Given the rise in reported data breaches and credit card fraud concerns, it should come as no surprise that the shift to EMV and mobile payments has some shoppers wary. While it’s not really up to independent merchants to assuage these fears or educate consumers about the various ways in which they can increase their account security, they can still take a lesson or two from the situation and improve the payments ecosystem overall.
One of the of the biggest issues people may think of when it comes to their credit or debit accounts being used for a fraudulent transaction, they think of their physical cards being lost or stolen, according to Payments Source. However, fewer than 30 percent of fraudulent purchases come because of this issue, while the vast majority come from other types of crime including account takeover, application fraud, counterfeiting cards, and so on.
Credit card security is on the rise, and merchants need to let consumers know they’re protected.
Why Is This Important?
The real stats behind credit card fraud are vital for merchants to understand so they know what to look out for on their end, especially if they have an online component to their operations, the report said. For instance, the less personal data retailers collect on their customers, the safer those shoppers will be if or when a data breach actually occurs. Moreover, the ability to highlight payment processors being used may give consumers greater certainty that their transactions will be carried out safely. For those with online stores, encryption is a must, so that if a breach does occur, the data won’t actually be usable.
The other reason increased security is vital for merchants is that after the EMV liability shift, exposure to fraud losses is on the rise (depending upon the size of the operation). That’s an important factor because the loss on any given fraudulent transaction can be significant, and if they add up, they could do serious damage to any company’s bottom line, according to the Payments Journal. Along similar lines, not only should point-of-sale devices be as secure as possible, but so too should other devices that handle transaction data and other types of customer information. The more that can be done to put tight controls on these issues, the better off merchants and their customers will be.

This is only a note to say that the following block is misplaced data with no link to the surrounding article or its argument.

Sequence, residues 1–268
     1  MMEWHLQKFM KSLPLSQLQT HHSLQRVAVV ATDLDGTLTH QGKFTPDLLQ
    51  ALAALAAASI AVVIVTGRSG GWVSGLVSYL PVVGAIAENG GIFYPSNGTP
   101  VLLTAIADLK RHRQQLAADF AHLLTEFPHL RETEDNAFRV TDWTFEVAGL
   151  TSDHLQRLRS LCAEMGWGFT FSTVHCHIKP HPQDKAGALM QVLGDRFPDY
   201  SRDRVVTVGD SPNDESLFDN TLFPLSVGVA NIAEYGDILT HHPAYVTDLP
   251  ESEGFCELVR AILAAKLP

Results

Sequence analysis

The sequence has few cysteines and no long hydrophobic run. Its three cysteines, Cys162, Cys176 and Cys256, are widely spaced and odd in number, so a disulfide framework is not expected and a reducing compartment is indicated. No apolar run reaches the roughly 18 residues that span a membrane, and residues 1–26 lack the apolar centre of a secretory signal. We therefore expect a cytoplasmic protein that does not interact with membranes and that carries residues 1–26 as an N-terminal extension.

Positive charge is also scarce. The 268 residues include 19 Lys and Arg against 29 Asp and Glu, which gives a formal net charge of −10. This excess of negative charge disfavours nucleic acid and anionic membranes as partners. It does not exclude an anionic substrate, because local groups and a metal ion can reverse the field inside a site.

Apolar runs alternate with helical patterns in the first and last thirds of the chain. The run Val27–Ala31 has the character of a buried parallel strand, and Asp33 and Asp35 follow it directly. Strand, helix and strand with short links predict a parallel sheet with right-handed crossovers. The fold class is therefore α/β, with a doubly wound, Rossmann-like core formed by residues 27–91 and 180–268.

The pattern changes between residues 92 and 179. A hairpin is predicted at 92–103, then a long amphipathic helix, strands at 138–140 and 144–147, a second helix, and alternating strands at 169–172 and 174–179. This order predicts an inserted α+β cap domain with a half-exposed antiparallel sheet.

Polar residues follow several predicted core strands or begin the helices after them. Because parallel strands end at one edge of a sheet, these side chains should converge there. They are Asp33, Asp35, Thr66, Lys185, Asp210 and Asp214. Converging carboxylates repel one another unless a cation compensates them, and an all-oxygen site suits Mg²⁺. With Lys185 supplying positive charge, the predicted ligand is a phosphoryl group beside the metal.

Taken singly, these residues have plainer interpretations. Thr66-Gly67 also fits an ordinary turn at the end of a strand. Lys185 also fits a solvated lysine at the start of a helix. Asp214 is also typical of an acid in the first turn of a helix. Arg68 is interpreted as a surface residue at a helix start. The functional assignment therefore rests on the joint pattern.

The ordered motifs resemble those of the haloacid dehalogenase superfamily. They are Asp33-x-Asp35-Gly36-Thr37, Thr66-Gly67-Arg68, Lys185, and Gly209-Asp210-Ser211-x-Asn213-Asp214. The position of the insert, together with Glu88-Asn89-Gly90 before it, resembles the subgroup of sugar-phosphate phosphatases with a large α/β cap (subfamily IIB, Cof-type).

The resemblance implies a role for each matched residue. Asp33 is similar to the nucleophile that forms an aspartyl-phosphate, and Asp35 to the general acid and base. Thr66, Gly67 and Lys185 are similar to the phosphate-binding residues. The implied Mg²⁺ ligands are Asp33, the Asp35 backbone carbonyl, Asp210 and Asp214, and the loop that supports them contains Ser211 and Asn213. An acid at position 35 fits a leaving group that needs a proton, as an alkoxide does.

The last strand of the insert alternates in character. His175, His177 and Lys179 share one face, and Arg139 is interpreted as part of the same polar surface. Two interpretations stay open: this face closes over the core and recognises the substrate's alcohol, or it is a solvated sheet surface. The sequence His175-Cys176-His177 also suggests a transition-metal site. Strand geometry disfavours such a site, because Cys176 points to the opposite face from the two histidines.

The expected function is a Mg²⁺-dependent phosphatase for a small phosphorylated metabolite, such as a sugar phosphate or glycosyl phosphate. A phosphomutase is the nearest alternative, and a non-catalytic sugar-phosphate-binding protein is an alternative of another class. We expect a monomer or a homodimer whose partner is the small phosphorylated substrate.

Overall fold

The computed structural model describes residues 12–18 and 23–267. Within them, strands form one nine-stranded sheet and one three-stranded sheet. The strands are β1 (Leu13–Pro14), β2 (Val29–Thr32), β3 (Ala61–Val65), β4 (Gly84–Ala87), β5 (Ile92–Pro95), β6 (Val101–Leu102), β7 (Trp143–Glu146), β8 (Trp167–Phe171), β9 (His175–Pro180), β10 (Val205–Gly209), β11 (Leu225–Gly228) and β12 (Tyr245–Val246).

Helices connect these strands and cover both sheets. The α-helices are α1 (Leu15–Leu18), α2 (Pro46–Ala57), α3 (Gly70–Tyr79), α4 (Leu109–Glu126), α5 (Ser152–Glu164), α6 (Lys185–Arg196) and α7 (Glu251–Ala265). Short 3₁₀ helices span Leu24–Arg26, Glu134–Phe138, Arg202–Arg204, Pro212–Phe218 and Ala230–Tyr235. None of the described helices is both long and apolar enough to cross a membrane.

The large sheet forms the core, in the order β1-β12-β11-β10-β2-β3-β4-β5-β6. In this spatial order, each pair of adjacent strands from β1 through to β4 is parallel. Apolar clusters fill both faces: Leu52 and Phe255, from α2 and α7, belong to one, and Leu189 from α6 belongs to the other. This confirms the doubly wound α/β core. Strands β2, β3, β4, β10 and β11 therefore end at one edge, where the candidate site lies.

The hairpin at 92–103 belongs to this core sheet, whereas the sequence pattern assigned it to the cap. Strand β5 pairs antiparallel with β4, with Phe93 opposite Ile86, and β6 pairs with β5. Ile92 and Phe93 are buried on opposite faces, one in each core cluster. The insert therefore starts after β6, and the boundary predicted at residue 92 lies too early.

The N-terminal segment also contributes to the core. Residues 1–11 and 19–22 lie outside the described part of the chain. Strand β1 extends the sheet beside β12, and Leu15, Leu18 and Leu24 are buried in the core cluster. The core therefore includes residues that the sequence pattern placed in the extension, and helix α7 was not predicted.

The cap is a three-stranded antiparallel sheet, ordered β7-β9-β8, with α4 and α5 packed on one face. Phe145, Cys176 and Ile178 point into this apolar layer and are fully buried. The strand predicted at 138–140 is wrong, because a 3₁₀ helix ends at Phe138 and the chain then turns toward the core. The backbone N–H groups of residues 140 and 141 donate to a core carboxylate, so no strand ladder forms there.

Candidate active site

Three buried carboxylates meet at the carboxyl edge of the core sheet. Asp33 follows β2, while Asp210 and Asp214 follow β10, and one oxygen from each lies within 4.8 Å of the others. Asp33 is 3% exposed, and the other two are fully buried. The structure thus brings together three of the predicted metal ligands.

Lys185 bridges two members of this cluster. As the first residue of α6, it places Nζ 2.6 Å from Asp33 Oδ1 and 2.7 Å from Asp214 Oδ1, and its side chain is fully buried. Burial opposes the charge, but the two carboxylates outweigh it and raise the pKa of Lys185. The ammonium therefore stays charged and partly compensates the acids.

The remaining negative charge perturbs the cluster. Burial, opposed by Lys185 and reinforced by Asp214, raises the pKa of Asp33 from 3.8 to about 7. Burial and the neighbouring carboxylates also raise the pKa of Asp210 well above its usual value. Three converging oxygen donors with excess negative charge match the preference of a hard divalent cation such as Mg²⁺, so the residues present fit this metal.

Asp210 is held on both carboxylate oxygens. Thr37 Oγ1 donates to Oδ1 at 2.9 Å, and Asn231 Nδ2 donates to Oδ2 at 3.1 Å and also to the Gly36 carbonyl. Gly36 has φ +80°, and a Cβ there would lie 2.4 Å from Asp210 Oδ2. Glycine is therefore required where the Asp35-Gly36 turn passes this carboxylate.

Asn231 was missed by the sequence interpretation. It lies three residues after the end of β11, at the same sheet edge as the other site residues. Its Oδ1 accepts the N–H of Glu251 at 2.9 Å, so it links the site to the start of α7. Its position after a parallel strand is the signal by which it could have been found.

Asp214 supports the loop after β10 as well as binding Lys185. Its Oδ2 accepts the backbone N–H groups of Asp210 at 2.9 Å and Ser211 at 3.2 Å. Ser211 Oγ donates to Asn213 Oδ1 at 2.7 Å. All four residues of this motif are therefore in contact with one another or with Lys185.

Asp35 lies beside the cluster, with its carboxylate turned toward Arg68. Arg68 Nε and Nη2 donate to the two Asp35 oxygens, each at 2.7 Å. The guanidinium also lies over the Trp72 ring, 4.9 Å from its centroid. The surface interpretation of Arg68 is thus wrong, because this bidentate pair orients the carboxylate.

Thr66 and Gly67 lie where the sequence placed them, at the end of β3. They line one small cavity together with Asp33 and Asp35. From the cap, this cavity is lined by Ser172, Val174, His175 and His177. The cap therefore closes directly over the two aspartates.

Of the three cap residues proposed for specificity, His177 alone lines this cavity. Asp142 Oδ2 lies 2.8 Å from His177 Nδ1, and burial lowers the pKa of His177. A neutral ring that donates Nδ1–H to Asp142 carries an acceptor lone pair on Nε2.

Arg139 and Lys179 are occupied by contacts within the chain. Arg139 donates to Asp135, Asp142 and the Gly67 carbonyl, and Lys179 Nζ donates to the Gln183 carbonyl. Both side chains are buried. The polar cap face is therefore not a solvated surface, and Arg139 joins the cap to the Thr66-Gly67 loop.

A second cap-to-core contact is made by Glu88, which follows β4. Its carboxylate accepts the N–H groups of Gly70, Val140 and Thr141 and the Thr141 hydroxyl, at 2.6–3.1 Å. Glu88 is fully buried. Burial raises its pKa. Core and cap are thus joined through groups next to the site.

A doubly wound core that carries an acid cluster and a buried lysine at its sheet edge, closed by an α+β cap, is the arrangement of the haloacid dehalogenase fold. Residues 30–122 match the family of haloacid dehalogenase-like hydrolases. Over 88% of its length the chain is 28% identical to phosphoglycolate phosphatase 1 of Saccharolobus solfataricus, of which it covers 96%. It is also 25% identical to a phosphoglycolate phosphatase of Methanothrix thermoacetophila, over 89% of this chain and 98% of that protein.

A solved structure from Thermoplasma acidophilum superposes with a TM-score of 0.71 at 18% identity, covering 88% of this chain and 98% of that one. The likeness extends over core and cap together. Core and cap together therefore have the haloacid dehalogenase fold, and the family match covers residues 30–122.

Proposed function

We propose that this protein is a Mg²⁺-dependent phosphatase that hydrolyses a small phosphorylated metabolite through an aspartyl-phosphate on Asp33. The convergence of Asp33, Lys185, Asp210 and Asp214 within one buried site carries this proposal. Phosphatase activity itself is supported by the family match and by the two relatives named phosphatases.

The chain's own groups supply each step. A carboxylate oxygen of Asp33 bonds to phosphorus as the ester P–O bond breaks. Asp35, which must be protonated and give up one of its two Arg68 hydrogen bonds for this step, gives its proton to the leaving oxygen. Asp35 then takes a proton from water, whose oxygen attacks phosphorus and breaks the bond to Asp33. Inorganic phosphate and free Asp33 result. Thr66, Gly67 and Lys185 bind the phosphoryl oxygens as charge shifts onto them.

EMV is Just the First Step
The EMV migration has been ongoing for some time now, and experts generally agree it’s doing more to keep credit card fraud in check, according to the St. Joseph News-Press. And the good news is that, given how ubiquitous these types of cards have become, consumers are coming around as well. Now, the National Retail Federation believes that about 99 percent of large and medium-sized retailers will have EMV in place by the end of the year. Part of the reason for the delays some retailers are still experiencing is that there has been such great demand for EMV certification that it created a significant bottleneck in that process that is still being cleared up.
“We have not updated the formal survey, but from what we hear anecdotally, it looks like the industry met the 2016 number as expected and is on track to meet the 2017 number,” Craig Shearman, vice president for government affairs public relations at NRF, told the newspaper.
But at the same time, merchants shouldn’t just be content with upgrading to EMV. Ensuring payment security is an ongoing process, and it’s vital for merchants to consistently evaluate their ability to handle any threats that come along.
Sterling provides merchants with a complete range of electronic payment processing services, including credit, debit, PIN debit, fleet, gift card, and electronic benefits transfer (EBT).
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